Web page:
At a glance: Raptiva gets EU marketing approval

What’s Raptiva? A new treatment for psoriasis, manufactured by Swiss-based firm Serono. It has been given European Commission marketing authorisation for adult patients with moderate to severe cases of the condition who have found other treatments inadequate.

How does Serono want to pitch itself to the market?

PR will be a mixture of medical and consumer campaigns, with the advantages of biological treatment emphasised over what has gone before. Raising awareness of the disease is also seen as important. A template for pan-European comms for Raptiva, including generic feature material and b-rolls, has already been worked out from Geneva. Local PR managers will work directly on it or with their agencies. Munro & Forster Communications is promoting Raptiva in the UK.

Why is this treatment interesting?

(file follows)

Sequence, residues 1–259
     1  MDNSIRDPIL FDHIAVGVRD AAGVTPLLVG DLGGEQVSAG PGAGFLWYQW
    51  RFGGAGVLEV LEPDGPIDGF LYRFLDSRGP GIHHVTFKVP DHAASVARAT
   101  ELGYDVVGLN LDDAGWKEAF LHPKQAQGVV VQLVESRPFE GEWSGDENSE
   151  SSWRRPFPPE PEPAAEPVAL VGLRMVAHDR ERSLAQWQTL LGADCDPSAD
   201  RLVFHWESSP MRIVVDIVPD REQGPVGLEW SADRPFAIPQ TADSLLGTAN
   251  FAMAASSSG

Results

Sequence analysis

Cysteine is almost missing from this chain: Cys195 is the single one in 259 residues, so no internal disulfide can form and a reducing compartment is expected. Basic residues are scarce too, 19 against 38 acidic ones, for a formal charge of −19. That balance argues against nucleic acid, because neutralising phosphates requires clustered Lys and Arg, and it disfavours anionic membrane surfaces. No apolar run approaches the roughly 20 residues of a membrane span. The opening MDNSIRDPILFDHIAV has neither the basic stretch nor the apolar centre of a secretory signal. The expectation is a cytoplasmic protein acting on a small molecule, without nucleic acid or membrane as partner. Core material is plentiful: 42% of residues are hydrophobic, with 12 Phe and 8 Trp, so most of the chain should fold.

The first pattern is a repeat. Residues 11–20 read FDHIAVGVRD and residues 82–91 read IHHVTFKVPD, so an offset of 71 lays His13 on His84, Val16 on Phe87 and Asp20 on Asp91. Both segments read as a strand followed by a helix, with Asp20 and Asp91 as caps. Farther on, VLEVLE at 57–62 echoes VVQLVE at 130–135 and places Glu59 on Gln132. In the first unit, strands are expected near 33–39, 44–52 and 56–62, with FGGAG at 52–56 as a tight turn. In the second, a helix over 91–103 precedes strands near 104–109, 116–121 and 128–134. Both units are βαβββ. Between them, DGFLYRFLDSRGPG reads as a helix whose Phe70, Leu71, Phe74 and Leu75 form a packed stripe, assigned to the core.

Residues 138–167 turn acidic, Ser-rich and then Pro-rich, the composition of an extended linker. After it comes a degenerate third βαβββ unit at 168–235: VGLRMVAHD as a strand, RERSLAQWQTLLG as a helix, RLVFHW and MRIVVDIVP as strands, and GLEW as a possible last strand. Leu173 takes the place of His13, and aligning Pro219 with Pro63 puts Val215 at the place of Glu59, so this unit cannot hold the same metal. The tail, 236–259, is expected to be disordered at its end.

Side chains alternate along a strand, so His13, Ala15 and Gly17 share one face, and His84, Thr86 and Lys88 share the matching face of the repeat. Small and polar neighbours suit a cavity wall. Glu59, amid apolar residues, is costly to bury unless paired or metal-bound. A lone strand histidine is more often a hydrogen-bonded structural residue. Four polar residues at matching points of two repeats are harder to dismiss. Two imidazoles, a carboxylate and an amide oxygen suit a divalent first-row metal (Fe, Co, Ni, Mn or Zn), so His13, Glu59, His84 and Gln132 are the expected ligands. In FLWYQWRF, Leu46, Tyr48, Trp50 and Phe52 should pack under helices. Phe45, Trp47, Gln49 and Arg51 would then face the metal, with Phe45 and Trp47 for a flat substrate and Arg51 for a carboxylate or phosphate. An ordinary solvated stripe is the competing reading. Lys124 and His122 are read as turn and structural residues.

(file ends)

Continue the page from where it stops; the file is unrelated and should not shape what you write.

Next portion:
It is the first new biological treatment for psoriasis to win approval in the EU. The condition has tended to be treated with creams but Raptiva is administered by weekly injection. It is based on proteins which already exist in the body and is designed to target T-cells, the white blood cells that are known to be the major cause of psoriasis.

So what are expected to be among the main PR messages?

The idea that the treatment will have a significant boost to people’s quality of life. There has been a fair bit of media relations work across Europe already, with journalists invited to Vienna and Florence. Activity has focused on the effect of the condition, with characters from famous paintings reconfigured as though they suffered from psoriasis.

Intriguing promotional tactics… and this treatment has NICE approval?

Not yet. NICE will be looking at Raptiva in March or April 2005. Serono says that it is not expecting great take-up before that happens, although the treatment will be available in the UK by the end of the year. It will be introduced throughout the rest of Europe during 2005. The drug has already been approved in Switzerland, Argentina, Mexico and Brazil.

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